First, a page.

There has been a big push on Capitol Hill to arm service members at recruitment centers in light of what happened in Chattanooga, Tenn.

Rep. Jody Hice, R-Ga., proposed his own legislation last week in the House and so did Sen. Steve Daines, R-Mont., in the Senate. It seems everyone is jumping in to get their own legislation in the ring.

"I think it's very appropriate and proper for military facilities to allow their personnel to be armed," said Sen. Dan Coats, R-Ind.

"If we could harden those sites or create better safety strategies we should," said Sen. Bob Casey, D-Penn.

Lawmakers from all sides are speaking out about arming our servicemen and women at recruiting stations.

"The fastest way to stop a bad guy with a gun is to give a good guy a gun," Daines said.

Just last week, Daines introduced legislation in the Senate to allow the military to authorize those who work at recruiting centers to be armed.

"I think it's ridiculous that our men and women who are in uniform who are in our recruitment centers today on behalf of our armed forces are not allowed to be armed," Daines said.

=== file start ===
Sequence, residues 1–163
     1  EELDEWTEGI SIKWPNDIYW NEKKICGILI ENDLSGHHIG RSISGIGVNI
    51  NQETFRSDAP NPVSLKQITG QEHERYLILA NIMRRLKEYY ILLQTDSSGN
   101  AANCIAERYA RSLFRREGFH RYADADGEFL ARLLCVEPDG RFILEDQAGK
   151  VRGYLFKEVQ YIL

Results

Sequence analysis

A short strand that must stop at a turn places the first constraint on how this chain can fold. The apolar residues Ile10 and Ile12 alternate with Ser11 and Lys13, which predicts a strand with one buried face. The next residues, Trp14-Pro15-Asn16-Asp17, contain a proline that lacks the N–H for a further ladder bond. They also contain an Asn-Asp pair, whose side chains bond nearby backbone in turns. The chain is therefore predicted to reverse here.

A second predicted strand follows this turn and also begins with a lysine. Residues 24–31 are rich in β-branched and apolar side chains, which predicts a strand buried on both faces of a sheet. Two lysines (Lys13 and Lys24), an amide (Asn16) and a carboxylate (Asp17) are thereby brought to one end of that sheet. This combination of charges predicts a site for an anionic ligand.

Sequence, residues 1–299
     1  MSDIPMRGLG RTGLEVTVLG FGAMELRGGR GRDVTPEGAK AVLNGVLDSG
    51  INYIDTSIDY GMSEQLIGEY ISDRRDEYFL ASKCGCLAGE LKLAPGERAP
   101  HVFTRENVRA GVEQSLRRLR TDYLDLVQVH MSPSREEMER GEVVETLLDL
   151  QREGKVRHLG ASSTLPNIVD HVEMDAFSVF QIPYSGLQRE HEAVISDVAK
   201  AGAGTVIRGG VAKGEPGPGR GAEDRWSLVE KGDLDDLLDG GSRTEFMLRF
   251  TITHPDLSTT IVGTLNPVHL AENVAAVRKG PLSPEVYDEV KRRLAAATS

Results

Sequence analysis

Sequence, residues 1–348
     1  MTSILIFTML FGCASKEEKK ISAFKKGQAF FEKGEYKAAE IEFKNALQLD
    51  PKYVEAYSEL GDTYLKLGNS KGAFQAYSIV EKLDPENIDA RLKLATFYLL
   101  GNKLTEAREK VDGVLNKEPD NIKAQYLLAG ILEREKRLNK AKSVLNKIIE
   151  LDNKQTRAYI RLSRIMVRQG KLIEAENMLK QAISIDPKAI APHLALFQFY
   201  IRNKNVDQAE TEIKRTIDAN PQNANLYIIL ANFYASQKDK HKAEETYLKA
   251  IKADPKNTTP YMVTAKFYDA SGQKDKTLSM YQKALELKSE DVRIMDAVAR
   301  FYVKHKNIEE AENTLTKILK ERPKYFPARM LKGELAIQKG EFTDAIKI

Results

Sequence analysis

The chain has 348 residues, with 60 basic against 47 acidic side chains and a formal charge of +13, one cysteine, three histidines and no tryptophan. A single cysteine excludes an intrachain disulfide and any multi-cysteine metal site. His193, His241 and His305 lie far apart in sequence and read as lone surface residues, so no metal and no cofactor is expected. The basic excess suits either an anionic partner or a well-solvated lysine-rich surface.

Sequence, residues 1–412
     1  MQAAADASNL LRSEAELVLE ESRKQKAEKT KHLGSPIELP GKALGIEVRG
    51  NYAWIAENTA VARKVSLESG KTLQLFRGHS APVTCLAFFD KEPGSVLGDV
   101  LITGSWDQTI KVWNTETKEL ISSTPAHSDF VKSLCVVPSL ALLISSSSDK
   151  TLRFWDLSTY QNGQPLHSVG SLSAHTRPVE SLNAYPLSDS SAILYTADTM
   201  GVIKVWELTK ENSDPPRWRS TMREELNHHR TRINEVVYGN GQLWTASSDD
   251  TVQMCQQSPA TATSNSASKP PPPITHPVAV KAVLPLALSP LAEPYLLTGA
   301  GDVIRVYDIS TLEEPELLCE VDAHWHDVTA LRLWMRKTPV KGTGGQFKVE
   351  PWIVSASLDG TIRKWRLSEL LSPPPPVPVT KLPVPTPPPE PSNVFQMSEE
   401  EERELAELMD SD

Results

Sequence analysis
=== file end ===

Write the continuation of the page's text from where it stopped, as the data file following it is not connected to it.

A day later, Hice introduced his Military Recruiter Right to Carry Act in the House. Twenty years ago, the Pentagon barred most servicemen from carrying firearms at military installations. Democratic and Republican members of the House from Tennessee are working to lift that.

"We're in a much more dangerous and volatile world now than we were in 1992," Hice said.

But some at the Pentagon worry if this change could lead to additional security concerns.

"When you're dealing with a world of terrorists and for them to be unarmed is a very dangerous thing. And we're talking American heroes and they need the same rights as private citizens," Hice said.

Both bills are in the process of gaining support from cosponsors, but with the House already gone for August recess and the Senate leaving next week, some are left wondering if we'll have to wait until September to see any progress.

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